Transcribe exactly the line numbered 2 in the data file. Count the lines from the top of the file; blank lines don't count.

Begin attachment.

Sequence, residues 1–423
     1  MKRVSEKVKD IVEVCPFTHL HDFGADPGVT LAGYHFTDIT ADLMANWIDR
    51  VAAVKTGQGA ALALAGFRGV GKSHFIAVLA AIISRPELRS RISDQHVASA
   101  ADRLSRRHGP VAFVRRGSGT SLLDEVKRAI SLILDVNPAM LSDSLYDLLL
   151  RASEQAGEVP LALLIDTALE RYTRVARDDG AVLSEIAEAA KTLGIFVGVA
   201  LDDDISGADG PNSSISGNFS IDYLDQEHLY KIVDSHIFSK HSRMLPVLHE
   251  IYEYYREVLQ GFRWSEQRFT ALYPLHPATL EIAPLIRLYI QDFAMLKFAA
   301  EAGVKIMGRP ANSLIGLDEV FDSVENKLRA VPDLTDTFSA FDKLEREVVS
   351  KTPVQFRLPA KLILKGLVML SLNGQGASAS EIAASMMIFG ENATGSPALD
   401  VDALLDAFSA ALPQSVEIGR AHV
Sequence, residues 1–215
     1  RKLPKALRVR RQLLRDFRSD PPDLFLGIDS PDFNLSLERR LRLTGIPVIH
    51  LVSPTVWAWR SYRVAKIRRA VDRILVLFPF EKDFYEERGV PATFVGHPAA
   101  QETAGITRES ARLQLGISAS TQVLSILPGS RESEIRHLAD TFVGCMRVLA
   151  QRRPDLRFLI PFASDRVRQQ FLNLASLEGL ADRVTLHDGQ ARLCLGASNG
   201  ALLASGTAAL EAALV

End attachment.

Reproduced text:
     1  MKRVSEKVKD IVEVCPFTHL HDFGADPGVT LAGYHFTDIT ADLMANWIDR